Reflection: February 14, 2024 Lenten Message

Dear university community,

Happy Valentine's Day!

You might be a little bit surprised to read a Lenten message that begins with a "happy Valentine's day" wish but, should you? Really. Think about it. Seriously: Just pause for a moment and think about it. Isn't it "love" the heart of the matter? Didn't Jesus himself summarized the law and the prophets by saying, “You shall love the Lord, your God, with all your heart, with all your soul, and with all your mind. This is the greatest and the first commandment. The second is like it: You shall love your neighbor as yourself" (Mt. 22:37-39)?

But enough questions already! After all, love is more than words. Love is a God who came down to dwell among us so that we would remember who we truly are and when the task demanded it of Him, He hung on a cross to show us the true meaning of loving sacrifice. Love is what we are all about. Love is what we do (more than what we say). Love is another name for the Incarnate Word of God—and thus, it is another name for us, followers of the Incarnate Word.

This simple idea, that Lent is all about love, is a big challenge to those of us who grew up thinking that Lent is all about punishment and harsh sacrifice to appease a wrathful god and avoid going to hell. Instead, let us keep in mind that, while our fasting, praying, and giving alms during the next forty days will not be done without difficulty, the end-goal is not to fulfill the law for the law in order to avoid or gain something. Instead, the deeper reason is to become the type of people who honor the Incarnate One by thinking and behaving like He did.

To be sure: our liturgical participation during Lent (going to confession, keeping meaningful silence during Mass, spending more time in front of the Blessed Sacrament, etc.), as well as our acts of piety (e.g., getting ashes on our foreheads on Ash Wednesday, praying the sorrowful mysteries of the rosary on Wednesdays and the Viacrucis on Fridays, etc.) are supposed to help us enter into the desert with Jesus, face our temptations and inner demons, purify our heart and mind, and come out of there ready to be servant leaders, willing and ready to live and die in accordance with God's will (Mt. 4:8-11).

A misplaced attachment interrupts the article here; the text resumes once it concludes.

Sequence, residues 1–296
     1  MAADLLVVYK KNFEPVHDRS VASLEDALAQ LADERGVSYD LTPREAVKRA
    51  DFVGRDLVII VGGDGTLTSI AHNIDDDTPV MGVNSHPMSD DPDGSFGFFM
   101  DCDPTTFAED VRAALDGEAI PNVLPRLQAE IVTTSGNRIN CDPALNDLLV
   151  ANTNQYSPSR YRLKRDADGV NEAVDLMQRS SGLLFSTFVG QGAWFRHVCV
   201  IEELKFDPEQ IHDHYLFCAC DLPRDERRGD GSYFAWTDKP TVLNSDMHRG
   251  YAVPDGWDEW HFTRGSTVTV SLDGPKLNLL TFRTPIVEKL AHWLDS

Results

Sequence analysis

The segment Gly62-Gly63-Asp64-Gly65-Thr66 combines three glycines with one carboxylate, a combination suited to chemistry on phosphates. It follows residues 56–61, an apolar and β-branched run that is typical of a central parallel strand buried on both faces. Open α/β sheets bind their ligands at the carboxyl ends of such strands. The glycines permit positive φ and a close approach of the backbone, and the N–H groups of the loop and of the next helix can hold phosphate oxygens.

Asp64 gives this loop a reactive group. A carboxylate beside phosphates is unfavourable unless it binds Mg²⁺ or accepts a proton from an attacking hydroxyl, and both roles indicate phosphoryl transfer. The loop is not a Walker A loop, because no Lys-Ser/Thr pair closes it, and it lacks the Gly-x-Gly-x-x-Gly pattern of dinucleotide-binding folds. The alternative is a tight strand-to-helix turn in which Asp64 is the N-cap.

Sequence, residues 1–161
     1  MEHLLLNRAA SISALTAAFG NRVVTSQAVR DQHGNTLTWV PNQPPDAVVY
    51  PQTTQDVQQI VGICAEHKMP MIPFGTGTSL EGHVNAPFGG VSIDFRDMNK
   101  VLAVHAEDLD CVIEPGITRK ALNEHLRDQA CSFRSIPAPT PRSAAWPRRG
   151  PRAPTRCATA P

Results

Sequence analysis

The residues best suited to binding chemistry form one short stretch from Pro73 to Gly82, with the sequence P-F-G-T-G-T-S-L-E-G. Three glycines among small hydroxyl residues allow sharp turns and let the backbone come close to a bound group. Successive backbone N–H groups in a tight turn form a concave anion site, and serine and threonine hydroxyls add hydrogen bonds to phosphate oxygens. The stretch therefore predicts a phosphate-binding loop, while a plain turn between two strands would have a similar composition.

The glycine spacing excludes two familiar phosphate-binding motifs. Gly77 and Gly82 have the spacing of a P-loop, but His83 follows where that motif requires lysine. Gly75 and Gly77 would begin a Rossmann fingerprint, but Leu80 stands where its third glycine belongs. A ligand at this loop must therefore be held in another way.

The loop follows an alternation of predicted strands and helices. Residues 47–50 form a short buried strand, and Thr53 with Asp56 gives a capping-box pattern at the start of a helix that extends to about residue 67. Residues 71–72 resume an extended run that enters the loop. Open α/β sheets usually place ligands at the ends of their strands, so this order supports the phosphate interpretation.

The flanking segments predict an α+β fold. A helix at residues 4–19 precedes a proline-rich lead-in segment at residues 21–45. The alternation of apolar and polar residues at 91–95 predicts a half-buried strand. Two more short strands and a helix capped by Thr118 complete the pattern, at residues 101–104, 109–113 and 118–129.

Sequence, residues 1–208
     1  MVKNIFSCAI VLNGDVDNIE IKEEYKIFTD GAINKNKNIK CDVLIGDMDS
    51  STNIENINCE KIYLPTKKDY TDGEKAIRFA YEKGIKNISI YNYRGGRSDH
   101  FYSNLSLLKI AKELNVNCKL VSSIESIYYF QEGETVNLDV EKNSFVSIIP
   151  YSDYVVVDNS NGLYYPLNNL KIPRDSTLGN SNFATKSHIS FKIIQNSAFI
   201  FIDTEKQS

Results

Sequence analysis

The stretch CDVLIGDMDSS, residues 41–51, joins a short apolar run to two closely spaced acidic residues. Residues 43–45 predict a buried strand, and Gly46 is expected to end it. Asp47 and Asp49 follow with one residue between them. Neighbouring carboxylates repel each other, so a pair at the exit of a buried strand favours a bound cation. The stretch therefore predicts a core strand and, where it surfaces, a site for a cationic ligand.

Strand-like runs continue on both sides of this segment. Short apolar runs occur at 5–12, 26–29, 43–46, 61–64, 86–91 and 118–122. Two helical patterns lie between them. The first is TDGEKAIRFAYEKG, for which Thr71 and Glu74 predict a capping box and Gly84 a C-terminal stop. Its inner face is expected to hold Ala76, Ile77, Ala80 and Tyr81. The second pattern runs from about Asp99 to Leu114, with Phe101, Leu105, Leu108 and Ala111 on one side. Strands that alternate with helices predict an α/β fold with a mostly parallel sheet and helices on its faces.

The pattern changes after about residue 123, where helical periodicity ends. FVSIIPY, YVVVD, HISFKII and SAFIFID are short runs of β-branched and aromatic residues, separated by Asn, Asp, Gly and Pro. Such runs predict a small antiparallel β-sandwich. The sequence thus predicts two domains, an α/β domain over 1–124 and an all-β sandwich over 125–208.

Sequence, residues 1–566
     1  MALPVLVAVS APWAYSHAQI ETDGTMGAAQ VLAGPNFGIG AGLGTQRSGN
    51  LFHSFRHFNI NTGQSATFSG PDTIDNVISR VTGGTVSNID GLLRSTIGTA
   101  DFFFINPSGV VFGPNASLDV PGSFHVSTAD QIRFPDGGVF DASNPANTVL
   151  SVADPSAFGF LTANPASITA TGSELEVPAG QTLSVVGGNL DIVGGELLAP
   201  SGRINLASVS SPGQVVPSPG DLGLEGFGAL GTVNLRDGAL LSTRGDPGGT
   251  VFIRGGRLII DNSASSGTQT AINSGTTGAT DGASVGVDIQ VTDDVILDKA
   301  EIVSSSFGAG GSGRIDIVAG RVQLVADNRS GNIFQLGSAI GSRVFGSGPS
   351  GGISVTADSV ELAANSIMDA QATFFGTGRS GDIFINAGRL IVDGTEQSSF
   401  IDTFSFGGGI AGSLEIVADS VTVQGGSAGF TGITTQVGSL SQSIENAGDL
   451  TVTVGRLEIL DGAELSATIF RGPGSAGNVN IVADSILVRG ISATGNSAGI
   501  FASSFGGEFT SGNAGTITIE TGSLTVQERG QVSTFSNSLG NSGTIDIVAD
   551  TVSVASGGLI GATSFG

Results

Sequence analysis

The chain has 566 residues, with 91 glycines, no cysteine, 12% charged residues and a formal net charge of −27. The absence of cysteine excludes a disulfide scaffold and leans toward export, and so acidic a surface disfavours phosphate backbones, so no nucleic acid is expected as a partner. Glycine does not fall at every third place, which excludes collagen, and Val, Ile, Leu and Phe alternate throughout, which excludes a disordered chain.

This Lent, let us "give up" superfluous things (e.g., gadgets, bad habits, harmful behaviors) so as to make room for love to come and make a home in our minds and hearts. This means considering something to abstain from during Lent, as well as committing to embrace actions to better ignite the flame of our loving faith within us.

So, for the next forty purple (or violet) days, as we go into the desert with Jesus, inviting God to work in us during this time of sacrifice, let us keep in mind the goal of all our actions: to sit at table with Jesus on Holy Thursday, as we celebrate the Mass of the Lord’s Supper; to walk with Him during his Passion and Death on Good Friday; and to really and truly be there, renewed, redeemed, and replete with love on Holy Saturday, as we witness the day of the Triumph of the Incarnate Word and are made partakers of His wondrous Resurrection.

And we are back to love: a love that has been purified, redeemed, and elevated to a different level. Is there a greater kind of love?

As we seek to be transformed by love and into loving servant leaders during this season of Lent, I invite all of us to recite the prayer that St. Charles de Faucauld placed on the lips of Jesus, the Incarnate Word, as He was dying on the cross:

I abandon myself into your hands;
do with me what you will.
Whatever you may do, I thank you:
I am ready for all, I accept all.
Let only your will be done in me,
and in all your creatures –
I wish no more than this, O Lord.
Into your hands I commend my soul:
I offer it to you with all the love of my heart,
for I love you, Lord, and so need to give myself,
to surrender myself into your hands without reserve,
and with boundless confidence,
for you are my Father.

Sr. Walter Maher, CCVI
VP for Mission and Ministry